Daventry Hill School FEATURE

Capturing careers ideas in a box

Innovative ways to bring careers advice to children when school visits are on hold are being put in place by Daventry Hill School in Northamptonshire. Daventry Hill is a co-educational, all-through (ages four to 18) SEND

school for students with cognition and learning diffi culties. One of the school’s main curriculum drivers is employability and addressing the national issue that only 5.9% of people with SEN (Special Educational Needs) gain meaningful and paid employment. Prior to the pandemic, visitors from industry were encouraged into

the school, and students took an active role within the wider community, something that proved to be incredibly eff ective, allowing students to actively engage with professionals and immerse themselves into an industry specifi c experience to develop a greater understanding. In order to keep that momentum going, the school is currently

developing a refreshing innovative idea to create Careers in a Box, which will support bringing the industry into the classroom through developing sensory toolkits. Each box is sector themed, and it is fi lled with specifi c industry

activities, equipment and relatable items that help bring that industry to life for the students, for example uniform, health and safety equipment, tools, story-time text and tasks students can complete within the classroom linked to that industry. T e school, which opened in 2016 off ers a personalised education

for students with cognition and learning diffi culties while assisting families to support their children’s journey into adulthood. T e delivery of employability education starts as soon as young people walk through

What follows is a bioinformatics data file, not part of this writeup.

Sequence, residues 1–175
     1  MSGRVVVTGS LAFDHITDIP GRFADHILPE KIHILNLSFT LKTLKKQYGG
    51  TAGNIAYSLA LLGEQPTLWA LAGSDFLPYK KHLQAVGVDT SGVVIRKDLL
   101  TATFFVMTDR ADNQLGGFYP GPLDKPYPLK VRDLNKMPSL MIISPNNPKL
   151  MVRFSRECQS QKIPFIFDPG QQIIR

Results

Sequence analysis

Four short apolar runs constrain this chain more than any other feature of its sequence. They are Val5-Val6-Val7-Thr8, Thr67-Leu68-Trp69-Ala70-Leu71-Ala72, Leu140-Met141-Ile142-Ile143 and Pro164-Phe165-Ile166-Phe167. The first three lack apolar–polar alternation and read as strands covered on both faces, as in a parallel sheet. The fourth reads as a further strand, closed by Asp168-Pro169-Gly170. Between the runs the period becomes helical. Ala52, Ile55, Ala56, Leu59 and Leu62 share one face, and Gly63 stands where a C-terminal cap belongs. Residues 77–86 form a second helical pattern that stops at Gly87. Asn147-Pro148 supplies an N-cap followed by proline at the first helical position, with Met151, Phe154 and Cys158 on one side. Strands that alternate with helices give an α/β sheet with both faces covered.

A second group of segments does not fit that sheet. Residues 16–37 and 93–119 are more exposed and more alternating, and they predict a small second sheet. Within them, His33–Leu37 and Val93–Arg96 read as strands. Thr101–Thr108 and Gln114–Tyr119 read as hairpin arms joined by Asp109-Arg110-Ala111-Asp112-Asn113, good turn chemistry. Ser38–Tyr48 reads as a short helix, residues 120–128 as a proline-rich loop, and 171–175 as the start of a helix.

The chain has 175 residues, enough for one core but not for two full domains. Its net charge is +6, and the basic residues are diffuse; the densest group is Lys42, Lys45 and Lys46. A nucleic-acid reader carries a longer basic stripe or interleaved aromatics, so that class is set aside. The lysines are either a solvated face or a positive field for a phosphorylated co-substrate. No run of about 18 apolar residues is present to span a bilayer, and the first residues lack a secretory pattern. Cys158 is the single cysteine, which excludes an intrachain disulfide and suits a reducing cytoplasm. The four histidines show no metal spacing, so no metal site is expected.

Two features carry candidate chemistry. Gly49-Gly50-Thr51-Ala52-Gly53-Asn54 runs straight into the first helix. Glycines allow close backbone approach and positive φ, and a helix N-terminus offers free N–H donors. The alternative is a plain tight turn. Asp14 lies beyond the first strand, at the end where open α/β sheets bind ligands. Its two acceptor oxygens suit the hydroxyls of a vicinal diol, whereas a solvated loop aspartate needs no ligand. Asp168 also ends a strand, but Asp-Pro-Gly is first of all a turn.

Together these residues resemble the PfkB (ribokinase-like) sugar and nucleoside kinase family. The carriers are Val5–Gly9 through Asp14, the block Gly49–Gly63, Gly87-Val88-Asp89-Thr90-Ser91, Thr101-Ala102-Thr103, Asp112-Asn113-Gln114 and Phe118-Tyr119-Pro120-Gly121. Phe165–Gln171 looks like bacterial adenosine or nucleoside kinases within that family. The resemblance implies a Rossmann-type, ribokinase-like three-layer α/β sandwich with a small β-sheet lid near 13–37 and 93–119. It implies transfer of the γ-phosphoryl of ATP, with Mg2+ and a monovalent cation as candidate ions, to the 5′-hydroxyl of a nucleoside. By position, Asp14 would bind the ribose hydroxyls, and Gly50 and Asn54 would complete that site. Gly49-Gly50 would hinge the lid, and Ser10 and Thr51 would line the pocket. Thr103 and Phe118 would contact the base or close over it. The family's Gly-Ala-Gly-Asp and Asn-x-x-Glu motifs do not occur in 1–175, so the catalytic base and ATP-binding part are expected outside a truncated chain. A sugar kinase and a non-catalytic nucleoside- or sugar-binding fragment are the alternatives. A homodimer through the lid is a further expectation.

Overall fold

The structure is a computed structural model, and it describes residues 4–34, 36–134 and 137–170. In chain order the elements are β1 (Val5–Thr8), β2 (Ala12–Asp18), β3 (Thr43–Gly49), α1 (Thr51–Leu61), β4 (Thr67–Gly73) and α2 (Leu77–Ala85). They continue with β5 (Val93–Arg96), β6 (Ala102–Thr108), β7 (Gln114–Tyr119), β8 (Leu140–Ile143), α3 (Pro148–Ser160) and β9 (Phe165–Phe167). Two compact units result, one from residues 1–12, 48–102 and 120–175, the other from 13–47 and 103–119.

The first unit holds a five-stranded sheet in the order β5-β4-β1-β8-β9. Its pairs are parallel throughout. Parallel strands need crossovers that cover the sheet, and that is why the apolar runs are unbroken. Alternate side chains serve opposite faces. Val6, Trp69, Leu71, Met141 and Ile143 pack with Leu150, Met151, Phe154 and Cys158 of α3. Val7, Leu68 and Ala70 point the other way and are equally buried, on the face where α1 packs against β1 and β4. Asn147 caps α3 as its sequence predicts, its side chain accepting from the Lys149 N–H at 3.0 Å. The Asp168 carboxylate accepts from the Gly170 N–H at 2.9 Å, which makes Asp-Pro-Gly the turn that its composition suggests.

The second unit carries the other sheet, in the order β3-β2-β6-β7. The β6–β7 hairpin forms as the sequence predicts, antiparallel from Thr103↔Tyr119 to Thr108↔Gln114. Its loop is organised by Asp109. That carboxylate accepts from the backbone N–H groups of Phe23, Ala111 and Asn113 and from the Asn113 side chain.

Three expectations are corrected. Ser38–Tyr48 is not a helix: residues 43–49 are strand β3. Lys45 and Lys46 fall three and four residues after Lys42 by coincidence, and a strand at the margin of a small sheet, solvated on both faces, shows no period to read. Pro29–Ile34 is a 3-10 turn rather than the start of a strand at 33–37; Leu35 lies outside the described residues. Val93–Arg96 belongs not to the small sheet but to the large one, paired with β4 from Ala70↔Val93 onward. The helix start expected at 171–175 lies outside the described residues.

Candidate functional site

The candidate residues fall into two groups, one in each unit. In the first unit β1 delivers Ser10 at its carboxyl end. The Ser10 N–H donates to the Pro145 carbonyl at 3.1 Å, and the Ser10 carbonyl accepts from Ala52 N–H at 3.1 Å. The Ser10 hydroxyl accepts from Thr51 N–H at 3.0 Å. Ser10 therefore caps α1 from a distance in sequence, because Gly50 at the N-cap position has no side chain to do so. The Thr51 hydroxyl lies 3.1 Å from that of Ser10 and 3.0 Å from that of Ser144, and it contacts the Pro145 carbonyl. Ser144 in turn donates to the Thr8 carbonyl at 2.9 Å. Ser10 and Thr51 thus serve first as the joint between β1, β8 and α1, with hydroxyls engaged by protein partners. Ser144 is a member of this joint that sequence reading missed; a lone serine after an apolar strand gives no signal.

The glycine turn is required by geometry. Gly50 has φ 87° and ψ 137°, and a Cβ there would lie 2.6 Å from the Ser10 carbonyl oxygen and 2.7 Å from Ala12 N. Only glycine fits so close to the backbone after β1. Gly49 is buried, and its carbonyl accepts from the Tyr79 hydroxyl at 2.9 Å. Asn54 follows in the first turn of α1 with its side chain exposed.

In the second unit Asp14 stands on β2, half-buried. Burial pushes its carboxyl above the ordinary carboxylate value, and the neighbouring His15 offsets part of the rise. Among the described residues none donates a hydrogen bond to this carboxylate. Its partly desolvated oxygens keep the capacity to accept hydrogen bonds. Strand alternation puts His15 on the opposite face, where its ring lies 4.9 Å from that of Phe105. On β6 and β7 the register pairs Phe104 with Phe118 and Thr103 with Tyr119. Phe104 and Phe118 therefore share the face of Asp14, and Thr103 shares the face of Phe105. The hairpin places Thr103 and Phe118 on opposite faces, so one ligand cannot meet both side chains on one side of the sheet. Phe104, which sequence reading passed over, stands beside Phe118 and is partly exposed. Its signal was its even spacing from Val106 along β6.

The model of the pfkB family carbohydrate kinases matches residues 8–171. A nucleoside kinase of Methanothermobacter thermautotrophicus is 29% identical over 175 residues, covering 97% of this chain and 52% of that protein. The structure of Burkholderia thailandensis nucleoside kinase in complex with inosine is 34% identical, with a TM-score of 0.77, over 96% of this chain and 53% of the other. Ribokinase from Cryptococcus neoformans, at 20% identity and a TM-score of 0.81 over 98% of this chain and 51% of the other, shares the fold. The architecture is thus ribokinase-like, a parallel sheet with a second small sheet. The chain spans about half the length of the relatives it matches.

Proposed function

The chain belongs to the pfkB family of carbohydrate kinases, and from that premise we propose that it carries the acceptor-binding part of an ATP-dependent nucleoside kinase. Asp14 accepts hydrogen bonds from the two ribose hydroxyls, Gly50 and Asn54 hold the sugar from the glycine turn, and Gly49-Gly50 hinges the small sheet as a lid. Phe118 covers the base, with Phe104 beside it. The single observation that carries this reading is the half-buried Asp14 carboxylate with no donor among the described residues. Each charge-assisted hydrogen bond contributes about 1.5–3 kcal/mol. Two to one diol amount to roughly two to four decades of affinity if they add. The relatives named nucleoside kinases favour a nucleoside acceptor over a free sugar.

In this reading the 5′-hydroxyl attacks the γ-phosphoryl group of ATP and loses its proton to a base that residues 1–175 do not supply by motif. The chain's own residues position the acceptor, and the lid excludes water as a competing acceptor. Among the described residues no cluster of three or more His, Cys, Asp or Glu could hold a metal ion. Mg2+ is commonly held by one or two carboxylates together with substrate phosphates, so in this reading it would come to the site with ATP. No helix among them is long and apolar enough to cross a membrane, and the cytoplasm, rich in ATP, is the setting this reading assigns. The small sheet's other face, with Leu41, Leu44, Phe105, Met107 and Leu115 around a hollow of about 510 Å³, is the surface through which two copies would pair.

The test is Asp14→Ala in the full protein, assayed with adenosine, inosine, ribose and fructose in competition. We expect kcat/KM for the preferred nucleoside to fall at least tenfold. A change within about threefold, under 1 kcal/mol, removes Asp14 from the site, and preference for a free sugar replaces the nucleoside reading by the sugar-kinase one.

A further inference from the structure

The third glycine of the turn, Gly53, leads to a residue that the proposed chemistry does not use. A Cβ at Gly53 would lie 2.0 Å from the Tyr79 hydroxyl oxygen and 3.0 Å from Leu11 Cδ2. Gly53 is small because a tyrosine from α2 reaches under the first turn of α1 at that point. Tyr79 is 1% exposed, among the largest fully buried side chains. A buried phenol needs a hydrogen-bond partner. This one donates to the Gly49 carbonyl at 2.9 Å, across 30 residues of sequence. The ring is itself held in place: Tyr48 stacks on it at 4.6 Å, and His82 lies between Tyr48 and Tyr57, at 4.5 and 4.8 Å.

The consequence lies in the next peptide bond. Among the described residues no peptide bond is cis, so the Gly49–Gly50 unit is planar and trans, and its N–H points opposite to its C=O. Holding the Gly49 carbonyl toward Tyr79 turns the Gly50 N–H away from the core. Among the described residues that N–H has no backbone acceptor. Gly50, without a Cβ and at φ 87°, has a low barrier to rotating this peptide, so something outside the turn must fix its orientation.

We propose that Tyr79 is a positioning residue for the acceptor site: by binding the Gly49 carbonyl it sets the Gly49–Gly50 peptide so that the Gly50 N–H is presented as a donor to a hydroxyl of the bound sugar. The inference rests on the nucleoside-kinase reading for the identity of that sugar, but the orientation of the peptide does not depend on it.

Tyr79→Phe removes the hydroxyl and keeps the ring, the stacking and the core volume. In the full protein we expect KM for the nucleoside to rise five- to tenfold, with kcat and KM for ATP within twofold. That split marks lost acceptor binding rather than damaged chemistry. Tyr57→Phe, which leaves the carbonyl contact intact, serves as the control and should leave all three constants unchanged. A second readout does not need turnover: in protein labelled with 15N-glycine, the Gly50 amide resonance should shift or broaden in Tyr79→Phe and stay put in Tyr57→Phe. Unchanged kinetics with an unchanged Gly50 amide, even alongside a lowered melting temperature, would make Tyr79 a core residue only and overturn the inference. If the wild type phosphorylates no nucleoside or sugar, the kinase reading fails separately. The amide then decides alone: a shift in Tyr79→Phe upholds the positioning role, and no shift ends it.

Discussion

the door, using a creative approach to delivering through enterprise, role play, entrepreneurship, employer engagement, core competency skills development, self-awareness and much more. T e vision is that the vast majority of things

the school does has an employability focus that is meaningful to each individual student. Stacey Drake, Careers and Employability Leader

at Daventry Hill School, said: “T e employment statistics are even more alarming when you learn that over 65% of people with an additional need want and are able to work, but have just not had the support to be able to get there. “T is is the reality of life after school for adults

with learning barriers, who have so much to off er employers from multiple sectors. “Career in a Box has already received great

support from some wonderful local employers including Ensafe, Amazon, RS Components, Wilmott Dixon, Elysium Healthcare, Wincanton and Cummins. Without their generosity we know we wouldn’t have been able to get the idea off the ground.” The school would love to hear from any

businesses that may want to get involved. T e goal is to have a whole library of diff erent industries for young people to explore, eventually being able to off er things like 360-degree tours of workplaces, images and Q&A sessions with people from that sector to really bring the box to life.

If you would like to fi nd out more or off er support to Daventry Hill School contact Stacey Drake, Careers and Employability Leader at

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